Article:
China Outbound Investments Vol. 24 – Q4, 2014
China Outbound Investments Vol. 23 – Q3, 2014
China Outbound Investments Vol. 22 – Q2, 2014
China Outbound Investments Vol. 21 – Q1, 2014
View M&A / Equity Transactions Q1 – Q4, 2014
View Government Related Loan Agreements Q1 – Q4, 2014
View Government Agreements Q1 – Q4, 2014
Compare China Outbound Investments Q1 – Q4, 2014
Compare China Outbound Investments Vol. 17 – 20, 2013
Quarterly Feature – Launch of Polar Silk Road
In January, China released its first official Arctic policy white paper, outlining its ambition for a “Polar Silk Road”. Vice Foreign Minister Kong Xuanyou said China would encourage companies to build infrastructure and conduct commercial trial voyages that would “bring opportunities to the Arctic”.
Kong said Beijing considered itself an important stakeholder in the Arctic, a region that mattered to the entire international community. In the white paper, Beijing called for more scientific research and environmental protection for the Arctic Circle, and it also reveals its ambition to tap resources and take part in governance. It suggests exploration of a potential shipping route across the Arctic – which it dubs the “Polar Silk Road” – as well as development of oil, gas, mineral resources and other non-renewable energy sources, fishing and tourism in the region.
The white paper comes amid mounting speculation over China’s ambitions in the Arctic. The world’s second-largest economy has been on the hunt to secure enough energy resources to meet its growing demand – and the Arctic has 30% of the world’s undiscovered natural gas and 13% of its undiscovered oil reserves. As rising temperatures result in sea ice melting across the Arctic, there are new opportunities for ships to travel through previously inaccessible, resource-rich areas.
Xi first raised the idea of the “Polar Silk Road” in Moscow in 2017, unveiling a series of plans with Russia in the Arctic that would be incorporated into the ever-expanding “Belt and Road Initiative”, such as polar areas, deep ocean, space and cyberspace – had grown along with the expansion of its economy and global influence.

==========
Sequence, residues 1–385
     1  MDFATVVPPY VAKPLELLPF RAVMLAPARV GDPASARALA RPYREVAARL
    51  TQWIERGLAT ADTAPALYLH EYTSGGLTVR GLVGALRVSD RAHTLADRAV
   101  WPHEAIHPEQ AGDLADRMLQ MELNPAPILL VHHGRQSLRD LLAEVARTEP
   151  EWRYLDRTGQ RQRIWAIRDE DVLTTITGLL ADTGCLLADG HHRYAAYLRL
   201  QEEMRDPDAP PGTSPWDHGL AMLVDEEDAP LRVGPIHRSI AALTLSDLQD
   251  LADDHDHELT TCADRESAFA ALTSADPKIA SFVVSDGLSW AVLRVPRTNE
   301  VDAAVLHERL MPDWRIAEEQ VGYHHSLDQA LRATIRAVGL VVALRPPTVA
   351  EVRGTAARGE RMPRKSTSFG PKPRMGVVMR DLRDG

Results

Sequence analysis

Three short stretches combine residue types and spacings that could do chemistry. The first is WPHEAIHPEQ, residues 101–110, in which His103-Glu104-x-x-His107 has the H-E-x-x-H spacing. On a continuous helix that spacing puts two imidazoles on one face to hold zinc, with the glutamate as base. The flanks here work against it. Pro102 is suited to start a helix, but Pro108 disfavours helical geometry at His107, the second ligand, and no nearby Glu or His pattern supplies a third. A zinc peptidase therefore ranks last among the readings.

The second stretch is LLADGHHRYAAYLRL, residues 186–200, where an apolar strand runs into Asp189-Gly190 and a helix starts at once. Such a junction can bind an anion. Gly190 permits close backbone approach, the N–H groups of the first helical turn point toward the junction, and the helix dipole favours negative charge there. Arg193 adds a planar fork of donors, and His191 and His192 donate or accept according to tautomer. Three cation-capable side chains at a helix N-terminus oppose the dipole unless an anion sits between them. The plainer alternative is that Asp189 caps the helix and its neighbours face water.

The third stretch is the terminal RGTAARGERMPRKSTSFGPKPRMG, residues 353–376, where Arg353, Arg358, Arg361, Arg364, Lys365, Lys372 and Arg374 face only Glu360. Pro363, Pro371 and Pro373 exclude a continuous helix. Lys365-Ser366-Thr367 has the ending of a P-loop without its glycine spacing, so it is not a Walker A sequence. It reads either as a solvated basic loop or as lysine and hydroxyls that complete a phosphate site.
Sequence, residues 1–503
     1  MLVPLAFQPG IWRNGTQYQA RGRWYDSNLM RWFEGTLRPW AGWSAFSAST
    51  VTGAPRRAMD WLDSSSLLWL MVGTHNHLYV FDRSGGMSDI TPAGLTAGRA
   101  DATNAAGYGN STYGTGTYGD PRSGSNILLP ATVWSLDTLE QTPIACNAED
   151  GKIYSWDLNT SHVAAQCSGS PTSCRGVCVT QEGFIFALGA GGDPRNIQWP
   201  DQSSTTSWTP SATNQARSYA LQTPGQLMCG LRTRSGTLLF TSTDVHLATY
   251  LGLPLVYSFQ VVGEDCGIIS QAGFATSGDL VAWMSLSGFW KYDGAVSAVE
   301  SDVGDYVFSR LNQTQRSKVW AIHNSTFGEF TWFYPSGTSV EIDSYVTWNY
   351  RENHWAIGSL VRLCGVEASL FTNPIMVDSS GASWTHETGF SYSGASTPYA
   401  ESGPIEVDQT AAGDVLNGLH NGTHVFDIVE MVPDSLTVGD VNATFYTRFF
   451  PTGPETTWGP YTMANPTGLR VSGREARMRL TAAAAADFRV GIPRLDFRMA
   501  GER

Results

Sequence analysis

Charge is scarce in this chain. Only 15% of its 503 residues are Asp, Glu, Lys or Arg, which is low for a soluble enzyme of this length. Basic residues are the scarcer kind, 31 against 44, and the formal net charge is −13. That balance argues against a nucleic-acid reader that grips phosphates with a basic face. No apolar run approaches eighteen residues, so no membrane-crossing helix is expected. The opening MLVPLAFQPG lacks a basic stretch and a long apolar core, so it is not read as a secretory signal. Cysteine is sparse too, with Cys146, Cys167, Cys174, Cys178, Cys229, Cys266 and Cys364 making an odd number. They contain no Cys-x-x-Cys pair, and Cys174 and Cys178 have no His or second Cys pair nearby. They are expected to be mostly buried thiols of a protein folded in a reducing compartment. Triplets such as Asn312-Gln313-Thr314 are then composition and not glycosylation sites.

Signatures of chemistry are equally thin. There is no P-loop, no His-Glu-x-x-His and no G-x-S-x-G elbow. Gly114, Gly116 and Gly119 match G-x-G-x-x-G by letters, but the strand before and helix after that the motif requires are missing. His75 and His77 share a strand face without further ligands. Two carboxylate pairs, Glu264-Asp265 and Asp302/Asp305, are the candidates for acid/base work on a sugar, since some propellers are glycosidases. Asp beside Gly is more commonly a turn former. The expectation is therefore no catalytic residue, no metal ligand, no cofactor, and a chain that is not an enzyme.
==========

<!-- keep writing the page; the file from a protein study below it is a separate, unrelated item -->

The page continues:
China has stepped up its engagement in the Arctic in recent years and was granted observer status on the Arctic Council in 2013, which gives it input on governance of the region. The council comprises eight member countries bordering the Arctic – Canada, Denmark, Finland, Sweden, Norway, Russia, the United States and Iceland.
© Grisons Peak 2018. All rights reserved. Reproduction by permission only of the Author of this document, Grisons Peak.
Copyright and Intellectual Property Right Ownership: This document and all Information therein, contains material owned by either Grisons Peak or its Information Providers which is protected under copyright, trademark and other intellectual property laws. Neither this report nor any part of it may be reproduced, stored in a retrieval place or transmitted by any means, electronic, mechanical, photocopying, recording or otherwise without the prior written permission of Grisons Peak. Grisons Peak and its Information Providers, as applicable, own the copyright to all Information and works of authorship. All trademarks, service marks, and logos used on the document are the trademarks, service marks, or logos of Grisons Peak or its Information Providers, as applicable.